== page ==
In the interview, Vladimir Putin said: “Russia would not agree to admit them [borderlands – Demagog’s note] straight away, assuming that the war with Poland would start. Nevertheless, in 1654, the Pan-Russian Assembly of top Clergy and Landowners headed by the Tsar (Zemsky Sobor), which was the representative body of power of the Old Russian state, decided to include a part of the Old Russian lands into the Moscow Kingdom” [recording time 10:33]. 

However, Vladimir Putin in the interview does not add that the territories in question originally belonged to Kievan Rus, which was conquered in the 13th century by the Mongols.

Immediately before the outbreak of the war between Poland and Russia in 1654, the borderlands in question belonged to the Polish-Lithuanian Commonwealth. Their occupation was therefore an interference in the affairs of the functioning of the Polish-Lithuanian state. It was Russia that declared war, and in the case of the Polish-Lithuanian Commonwealth it was a defensive war.

As a result of the 1648-1655 war between the Poles and the Cossacks who lived in the Polish Republic, Bohdan Chmielnicki — the leader of the Cossack uprising — wanted to turn to Russia for protection (p. 134). Consequently, in 1654, the Cossacks concluded the Pereiaslav Agreement, which was intended to allow the Cossacks to retain their freedoms and autonomy after incorporation into the Russian state. At the same time, it involved the incorporation of territories and the dependence of the local population in matters of international politics (p. 136).

8. Putin manipulates historical events to establish influence

During the interview, Vladimir Putin repeatedly referred to the struggle for the restoration of historical territories. In the interview, we hear that: “As expected, the war with Poland began. It lasted 13 years, and then in 1654, a truce was concluded. And 32 years later, I think, a peace treaty with Poland, which they called »eternal peace«, was signed. And these lands, the whole left bank of the Dnieper, including Kiev, went to Russia, and the whole right bank of the Dnieper remained in Poland” [recording time 10:33].

According to the Russian president, the war with Poland in the 17th century involved the ‘return of the lands to Russia’, but — again — no mention was made of the fact that the lands originally belonged to Kievan Rus‘, which historically was notRussian state. On the other hand, it gave rise to the modern Russian, Belarusian, and Ukrainian states. Modern Russia can trace its origins primarily to the Principality of Moscow (p. 49), which for a long period of its existence until 1505 did not control Kyiv, but only part of the Ukrainian lands (comparison of maps before and after the rule of Ivan III: 1 and 2).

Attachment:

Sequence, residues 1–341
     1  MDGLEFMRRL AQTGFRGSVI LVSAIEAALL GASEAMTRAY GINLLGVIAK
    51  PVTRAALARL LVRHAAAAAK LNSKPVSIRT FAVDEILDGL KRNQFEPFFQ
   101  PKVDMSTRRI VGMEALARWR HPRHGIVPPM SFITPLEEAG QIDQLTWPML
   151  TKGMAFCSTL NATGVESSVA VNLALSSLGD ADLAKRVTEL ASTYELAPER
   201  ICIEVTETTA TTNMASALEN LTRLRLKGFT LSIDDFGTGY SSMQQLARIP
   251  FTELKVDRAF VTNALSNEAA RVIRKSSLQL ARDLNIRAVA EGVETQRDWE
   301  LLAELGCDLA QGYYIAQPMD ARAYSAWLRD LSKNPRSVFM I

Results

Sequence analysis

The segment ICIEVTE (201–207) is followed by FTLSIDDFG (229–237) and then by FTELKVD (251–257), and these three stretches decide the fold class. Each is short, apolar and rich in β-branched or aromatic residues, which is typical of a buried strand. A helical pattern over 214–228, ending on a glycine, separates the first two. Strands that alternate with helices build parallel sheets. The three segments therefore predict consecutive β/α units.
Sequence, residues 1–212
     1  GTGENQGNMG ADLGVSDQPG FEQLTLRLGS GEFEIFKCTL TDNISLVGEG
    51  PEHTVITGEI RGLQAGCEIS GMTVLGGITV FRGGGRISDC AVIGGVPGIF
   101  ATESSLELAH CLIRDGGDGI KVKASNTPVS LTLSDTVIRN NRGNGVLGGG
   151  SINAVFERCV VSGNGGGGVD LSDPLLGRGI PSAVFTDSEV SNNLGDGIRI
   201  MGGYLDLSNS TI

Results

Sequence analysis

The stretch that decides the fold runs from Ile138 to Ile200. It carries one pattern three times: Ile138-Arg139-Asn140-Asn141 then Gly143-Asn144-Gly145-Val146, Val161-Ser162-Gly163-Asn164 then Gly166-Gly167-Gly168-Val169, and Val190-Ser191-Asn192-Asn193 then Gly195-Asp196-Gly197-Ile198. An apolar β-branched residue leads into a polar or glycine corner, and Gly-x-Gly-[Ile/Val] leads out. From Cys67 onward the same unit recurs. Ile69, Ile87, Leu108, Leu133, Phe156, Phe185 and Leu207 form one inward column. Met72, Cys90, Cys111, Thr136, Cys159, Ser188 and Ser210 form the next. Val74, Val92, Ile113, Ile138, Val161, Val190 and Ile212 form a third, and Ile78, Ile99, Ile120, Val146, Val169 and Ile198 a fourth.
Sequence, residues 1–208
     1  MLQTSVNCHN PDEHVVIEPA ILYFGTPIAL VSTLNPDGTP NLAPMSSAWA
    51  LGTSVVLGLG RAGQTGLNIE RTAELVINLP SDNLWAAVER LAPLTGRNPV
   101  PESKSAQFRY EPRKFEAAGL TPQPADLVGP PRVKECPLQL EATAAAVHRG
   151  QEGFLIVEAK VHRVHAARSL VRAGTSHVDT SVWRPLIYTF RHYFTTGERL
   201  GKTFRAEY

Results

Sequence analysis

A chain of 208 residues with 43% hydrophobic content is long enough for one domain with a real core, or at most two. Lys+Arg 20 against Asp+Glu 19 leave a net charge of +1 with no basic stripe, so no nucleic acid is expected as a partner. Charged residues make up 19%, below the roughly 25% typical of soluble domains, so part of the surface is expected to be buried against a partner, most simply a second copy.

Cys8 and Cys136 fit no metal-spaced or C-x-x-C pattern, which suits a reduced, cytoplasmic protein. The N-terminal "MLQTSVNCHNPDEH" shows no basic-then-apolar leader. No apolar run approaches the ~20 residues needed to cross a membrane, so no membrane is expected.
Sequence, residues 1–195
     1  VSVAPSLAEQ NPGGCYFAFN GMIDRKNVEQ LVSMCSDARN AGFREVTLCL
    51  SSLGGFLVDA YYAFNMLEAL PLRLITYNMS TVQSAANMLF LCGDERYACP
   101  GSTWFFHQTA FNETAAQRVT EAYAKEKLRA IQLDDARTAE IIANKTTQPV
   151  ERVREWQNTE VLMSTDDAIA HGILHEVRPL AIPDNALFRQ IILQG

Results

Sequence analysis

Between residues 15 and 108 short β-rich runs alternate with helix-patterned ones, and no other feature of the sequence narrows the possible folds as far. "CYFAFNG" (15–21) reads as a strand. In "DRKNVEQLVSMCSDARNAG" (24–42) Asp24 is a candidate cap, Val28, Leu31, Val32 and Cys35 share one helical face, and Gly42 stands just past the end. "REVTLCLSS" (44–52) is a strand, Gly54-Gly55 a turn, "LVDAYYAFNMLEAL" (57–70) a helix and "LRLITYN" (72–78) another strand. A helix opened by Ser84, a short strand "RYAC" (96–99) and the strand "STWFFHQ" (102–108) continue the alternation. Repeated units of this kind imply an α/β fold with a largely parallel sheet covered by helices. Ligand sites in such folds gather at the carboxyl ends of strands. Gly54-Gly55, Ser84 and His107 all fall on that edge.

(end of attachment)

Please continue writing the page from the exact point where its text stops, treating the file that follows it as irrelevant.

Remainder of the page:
A settlement with the Cossacks in 1654 was followed by a war between Poland and Russia, which lasted until 1667. The Truce of Andrusovo (later transformed into the Perpetual Peace in 1686) was then concluded. It resulted in a division of territory, with Russia retaining the Smolensk, Sverska, and Chernihiv territories, left-bank Ukraine, and Kyiv. Poland got the right-bank Ukraine.

The Cossack movement was not homogeneous and not everyone liked being incorporated into Russia, which gave rise to numerous conflicts between the local population and the Tsarist authorities in the future (pp. 137-138).

9. Did Poles persecute Ukrainians during the Polish-Lithuanian Commonwealth?

Vladimir Putin went on to say: “But due to the historical development, these territories [the territories of modern Ukraine — Demagog’s note] were part of the Polish-Lithuanian Commonwealth – Poland, where Ukrainians were persecuted and treated quite brutally as well as were subject to cruel behavior. There were also attempts to destroy their identity. All this remained in the memory of the people” [recording time 56:23]. This issue requires clarification.